Sharing my Hispanic culture

Posted on October 11, 2008. Filed under: culture, inspiration |

I’m Hispanic. My family tree began in Mexico and my grandparents moved into the US before any of their children were born. Because I grew up in a border town — about 40 miles from Juarez, Mexico — I’d always been surrounded by my culture and taken it for granted.

Then I moved away. Suddenly, my friends were amazed at my different-ness (yes, I know it’s not a word; I’m using it anyway), wanting to know how to make salsa, what my family eats at holidays, and how to speak Spanish.

Because our families have never met, and because the F’s family seems to have the same fascination for my different-ness, I’d like to showcase it at our wedding. At the same time, I’d like to stay away from cliches. Nobody in my family has ever worn a sombrero other than to be silly, and we don’t wear brightly colored, swirly dresses. On the other hand, we do like to drink margaritas.

Here are some of my ideas:

  • Guacamole and salsa on the buffet. Both are easy to make in large quantities and generally crowd pleasers. I’d pile a stack of recipe cards next to each dish. By the way, I’ve shared both recipes at the end of this post.
  • A mariachi band making a surprise appearance at… something. Rehearsal dinner? We haven’t decided how to handle that yet. Wedding reception? Maybe!

  • A blessing in Spanish during our ceremony. Unfortunately, none of my grandparents are alive. This would be a very personal way to pay a tribute, though it feels a little strange that few of the people attending would understand it.

In the words of Spanish writer, Jose Marti:

In Spanish:

“El amor


con el placer de contemplarse,

se alimenta

con la necesidad de verse,

y concluye

con la imposibilidad

de separarse”.

In English:

“Love is born

with the pleasure of looking at each other,

it is fed

with the necessity

of seeing each other,

it is concluded with the impossibility

of ever being apart.”

Did you use language or food to share your culture with your new in-laws? Like me, did you shy away from things you felt were cliched?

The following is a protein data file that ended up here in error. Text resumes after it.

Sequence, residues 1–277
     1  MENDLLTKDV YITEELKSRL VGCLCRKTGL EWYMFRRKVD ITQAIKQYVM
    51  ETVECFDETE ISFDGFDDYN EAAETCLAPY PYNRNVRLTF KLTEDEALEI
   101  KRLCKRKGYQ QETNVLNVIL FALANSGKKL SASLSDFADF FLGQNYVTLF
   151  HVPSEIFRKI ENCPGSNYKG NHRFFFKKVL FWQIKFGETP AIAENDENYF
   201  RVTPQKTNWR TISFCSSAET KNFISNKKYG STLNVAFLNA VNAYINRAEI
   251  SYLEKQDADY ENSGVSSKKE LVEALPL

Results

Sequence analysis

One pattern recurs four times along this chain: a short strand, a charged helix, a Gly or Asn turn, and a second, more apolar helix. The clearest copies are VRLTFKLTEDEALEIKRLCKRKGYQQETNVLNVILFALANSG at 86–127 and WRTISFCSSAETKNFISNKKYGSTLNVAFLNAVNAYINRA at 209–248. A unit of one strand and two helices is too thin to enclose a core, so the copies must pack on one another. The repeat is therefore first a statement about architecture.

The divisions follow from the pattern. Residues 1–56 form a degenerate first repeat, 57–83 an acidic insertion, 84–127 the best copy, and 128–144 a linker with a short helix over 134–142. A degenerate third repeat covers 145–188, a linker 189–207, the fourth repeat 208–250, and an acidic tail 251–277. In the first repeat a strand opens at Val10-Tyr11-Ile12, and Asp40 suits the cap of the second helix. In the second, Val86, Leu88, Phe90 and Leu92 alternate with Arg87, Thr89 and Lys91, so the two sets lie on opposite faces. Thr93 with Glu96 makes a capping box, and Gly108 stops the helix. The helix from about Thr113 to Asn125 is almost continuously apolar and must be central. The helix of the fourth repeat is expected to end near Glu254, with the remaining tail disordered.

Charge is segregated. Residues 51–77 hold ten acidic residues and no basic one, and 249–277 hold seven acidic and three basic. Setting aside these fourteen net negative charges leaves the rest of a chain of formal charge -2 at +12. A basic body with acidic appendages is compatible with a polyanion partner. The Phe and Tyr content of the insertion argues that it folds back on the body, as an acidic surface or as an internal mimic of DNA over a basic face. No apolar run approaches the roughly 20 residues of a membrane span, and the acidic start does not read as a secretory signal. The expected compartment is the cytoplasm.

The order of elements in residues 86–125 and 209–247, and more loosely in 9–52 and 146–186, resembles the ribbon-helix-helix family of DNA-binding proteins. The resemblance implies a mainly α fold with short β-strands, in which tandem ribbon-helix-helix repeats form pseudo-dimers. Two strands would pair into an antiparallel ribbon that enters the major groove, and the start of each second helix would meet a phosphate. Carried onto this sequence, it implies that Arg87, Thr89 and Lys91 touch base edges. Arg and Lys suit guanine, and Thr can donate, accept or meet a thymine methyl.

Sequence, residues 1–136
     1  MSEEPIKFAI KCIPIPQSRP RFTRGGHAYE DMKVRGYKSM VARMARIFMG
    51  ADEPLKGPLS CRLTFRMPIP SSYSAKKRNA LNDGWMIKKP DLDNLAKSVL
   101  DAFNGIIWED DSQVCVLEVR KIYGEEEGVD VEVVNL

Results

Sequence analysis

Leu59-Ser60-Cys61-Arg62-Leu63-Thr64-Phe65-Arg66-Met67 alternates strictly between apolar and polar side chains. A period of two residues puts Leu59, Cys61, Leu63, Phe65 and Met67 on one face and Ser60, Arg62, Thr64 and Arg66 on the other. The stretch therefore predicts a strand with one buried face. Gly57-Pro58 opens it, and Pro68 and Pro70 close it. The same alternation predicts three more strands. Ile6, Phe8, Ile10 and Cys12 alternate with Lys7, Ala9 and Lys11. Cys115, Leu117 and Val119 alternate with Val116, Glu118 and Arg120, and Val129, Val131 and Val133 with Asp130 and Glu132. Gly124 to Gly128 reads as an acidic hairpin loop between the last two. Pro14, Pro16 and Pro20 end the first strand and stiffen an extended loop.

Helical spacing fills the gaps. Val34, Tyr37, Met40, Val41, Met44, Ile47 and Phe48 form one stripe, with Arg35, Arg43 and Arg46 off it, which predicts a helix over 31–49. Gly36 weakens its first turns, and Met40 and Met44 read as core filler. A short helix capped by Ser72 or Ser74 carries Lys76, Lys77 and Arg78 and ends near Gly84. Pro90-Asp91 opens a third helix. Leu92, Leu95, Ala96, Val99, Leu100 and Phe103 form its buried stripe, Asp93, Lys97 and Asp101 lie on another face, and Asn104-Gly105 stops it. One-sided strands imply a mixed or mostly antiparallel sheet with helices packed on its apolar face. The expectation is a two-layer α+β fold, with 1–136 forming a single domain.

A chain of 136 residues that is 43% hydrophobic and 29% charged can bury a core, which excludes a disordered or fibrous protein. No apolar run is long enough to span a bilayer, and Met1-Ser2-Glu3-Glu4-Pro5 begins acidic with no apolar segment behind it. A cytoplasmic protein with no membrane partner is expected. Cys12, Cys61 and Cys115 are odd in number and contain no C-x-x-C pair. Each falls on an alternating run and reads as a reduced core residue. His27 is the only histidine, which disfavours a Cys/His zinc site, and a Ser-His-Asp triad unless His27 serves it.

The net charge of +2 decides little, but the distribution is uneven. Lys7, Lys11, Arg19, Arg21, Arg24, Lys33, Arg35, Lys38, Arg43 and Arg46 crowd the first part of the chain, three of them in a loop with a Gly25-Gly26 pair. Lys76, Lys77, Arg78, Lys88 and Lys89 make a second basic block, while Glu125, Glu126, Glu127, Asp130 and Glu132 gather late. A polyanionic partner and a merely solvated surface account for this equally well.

As promised, my salsa and guacamole recipes:

To a can of diced tomatoes, add one half of a small onion (diced), one clove of garlic (chopped) or about a teaspoon of garlic powder, one small jalapeno (chopped) — more or less depending on your taste — and salt to taste. Mix well. Serve with tostadas. I also sometimes add a squeeze of lime.

The order of what you do is important in making this an easy recipe. Four avocados makes enough for a large bowl of guacamole. First, cut each avocado in half, twist to release the pit, and spoon the remaining meat into a bowl. Add a teaspoon of salt, one clove of garlic (chopped) or about a teaspoon of garlic powder and the juice of half of a lime, then smoosh with a fork until the avocado is the consistency of lumpy mashed potatoes. Add one half of a small onion (diced), one small jalapeno (chopped), and one half of a small tomato (diced). Mix well. Add more salt to taste and black pepper if you like it. Serve with tostadas.

Note that the lime juice keeps the guacamole from turning brown as it sits, so don’t omit. Virtually every other ingredient is optional, but I rarely leave any of them out.

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    I’ve been there, done that, got the t-shirt (and divorce papers) to prove it. Here I am again, pledging my life to my (new) love with eyes wide open (and heart racing) knowing full well how emotionally traumatic this can end… and doing it anyway.


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